The Norman Conquests: Table Manners

A trilogy of plays by Alan Ayckbourn

Festival Theatre
In The Round
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Sheer comic dazzle

Mail On Sunday

High-flying comedy

Evening Standard



Expertly handled

Daily Telegraph
Daily Mail
The Stage
Libby Purves for TheatreCat

Part of The Norman Conquests A trilogy of plays by Alan Ayckbourn

Saturday. 6pm. The dining room. Where no-one is looking forward to Annie’s limp salad, or her mother’s lethal homemade dandelion, parsnip or carrot wine. 


Prologue Tickets on sale now


Is there anything funnier or more fiendishly clever than these three vintage plays, from 1973, about a family gathering in a Sussex vicarage? Table Manners, Living Together and Round and Round the Garden (each a bit over two hours) depict the same weekend but from different vantage points – the dining room, the sitting room and the garden. Alan Ayckbourn constructs them like a jigsaw, so that an exit in one play becomes an entrance in another. Which is best? Impossible to say. They can be booked individually but the plays’ daring, depth and sheer comic dazzle are greatly enriched by seeing all three as a day-long ‘box set’

Mail On Sunday

A masterpiece. Sir Alan at his best. Blanche McIntyre has assembled a crack cast.

Daily Telegraph

The comic high points are expertly handled.


McIntyre’s cast swoops from sadness to silliness with aplomb. If you’ve got time to see all three, you get an amazing view of marital misadventures that’s not quite like anything else.


Norman is an extraordinary comic creation and, in the hands of rising star Trystan Gravelle, he has the look of a discombobulated badger hoping to escape a cull.

The cast has a hoot and ensures all three pieces run like clockwork as they unpick the madness of their marriages. Gravelle sets the pace, milking his seductive Welsh accent and puppy-dog eyes as shabby sexual trickster Norman. Jonathan Broadbent, a henpecked surveyor condemned to wear golf slacks, is pitched against Sarah Hadland as his marvellously shrill, tactless, manipulative wife. Hattie Ladbury adds style as Norman’s myopic missus. And John Hollingworth is a gormlessly amusing vet and suitor for Annie, the sister who stayed home to look after mother. In that role, Jemima Rooper is left to tear her hair in desperation — with only Norman offering any prospect of escape.

Blanche McIntyre’s production is enormously assured on Simon Higlett’s clever design, which seats the audience around a small island on which a country home is ringed with grass and brambles.

Daily Mail

An impressive revival of Alan Ayckbourn’s immaculately interwoven dramas. High-flying comedy and deep domestic melancholy, that unrivalled Ayckbourn cocktail, sit easily together in Table Manners, Living Together and Round and Round the Garden (the viewing order is flexible, but be sure to see Garden last).

Evening Standard

Alan Ayckbourn's earliest theatrical trilogy remains a theatrically audacious wonder. It requires infinite precision in pacing and performance, with every time shift and plotting giving each character more depth and backstory. McIntyre's meticulously cast company lends it both serious weight and an effortless lightness of touch that captures and amplifies its competing tensions. Simon Higlett's ingenious sets provide an immersive environment for each play in Blanche McIntyre's artfully orchestrated new production.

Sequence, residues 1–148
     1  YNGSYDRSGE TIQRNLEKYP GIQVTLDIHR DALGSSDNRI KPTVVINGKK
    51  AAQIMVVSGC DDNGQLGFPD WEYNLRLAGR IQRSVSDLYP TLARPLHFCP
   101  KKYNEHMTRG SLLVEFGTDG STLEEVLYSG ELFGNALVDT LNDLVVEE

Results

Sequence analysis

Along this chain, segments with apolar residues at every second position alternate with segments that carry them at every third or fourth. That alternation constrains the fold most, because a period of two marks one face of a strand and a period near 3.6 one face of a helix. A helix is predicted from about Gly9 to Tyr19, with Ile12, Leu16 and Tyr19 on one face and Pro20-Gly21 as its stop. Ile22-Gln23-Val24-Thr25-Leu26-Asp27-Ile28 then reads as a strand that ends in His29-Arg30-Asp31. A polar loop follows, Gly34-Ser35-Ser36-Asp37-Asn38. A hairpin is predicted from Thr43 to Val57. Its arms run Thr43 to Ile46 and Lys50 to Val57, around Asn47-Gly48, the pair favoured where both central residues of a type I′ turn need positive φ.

The Stage

Ayckbourn executed with flair, it is a treat. The Festival Theatre has been set in the round as the playwright intended, as stage seats enable us – like the chaotic, overgrown garden – to circle Simon Higlett’s elegantly evocative sets. Blanche McIntyre directs with pace and wit: the cast are superb.

Libby Purves for TheatreCat

The three Ayckbourns which make up The Norman Conquests offer steadily-growing delight. Hilarious, beautifully cast, beautifully performed and beautifully directed by Blanche McIntyre.

Chichester Observer

That Ayckbourn could dovetail the chain of uproarious (though occasionally poignant) events so superbly is testament to his undoubted craft. But plaudits galore must be showered on the ensemble cast for their collective and individual ability to bring the high spirited nature of the human condition to life in such a mesmerising fashion.

Chichester News

It is a sheer delight watching all three parts of Alan Ayckbourn’s sparkling comedy, The Norman Conquests, during a trilogy day at Chichester Festival Theatre.

Stage Review

The pacing and comic timing is impeccable, with the cast playing skilfully and energetically off each other.

Sardines Magazine

Simon Higlett’s beautiful design is wonderfully evocative. Chichester has achieved a tremendous triple triumph.


Cast & Creatives


Cast List

Trystan Gravelle


Hattie Ladbury


Jemima Rooper


John Hollingworth


Sarah Hadland


Jonathan Broadbent


Creative team

Cast List

Blanche McIntyre


Simon Higlett


Johanna Town

Lighting Designer

Olly Fox


George Dennis

Sound Designer

Charlotte Sutton CDG

Casting Director



The Norman Conquests in-the-round

In-the-round Terrace Seating

Alan Ayckbourn’s The Norman Conquests will be the Festival Theatre’s first ever “in-the-round” production. Seats will wrap around all sides of the stage creating a bank of Terrace Seating on what is normally the rear part of stage, so that the play’s action can be seen from all sides.

The Norman Conquests is a trilogy of interconnecting plays which look at the events of one family weekend from hilariously different viewpoints. Now you can match this experience by seeing the plays from a new perspective, and be even closer to all the action in our Terrace Seats.


Running Time
2 hours and 15 minutes including the interval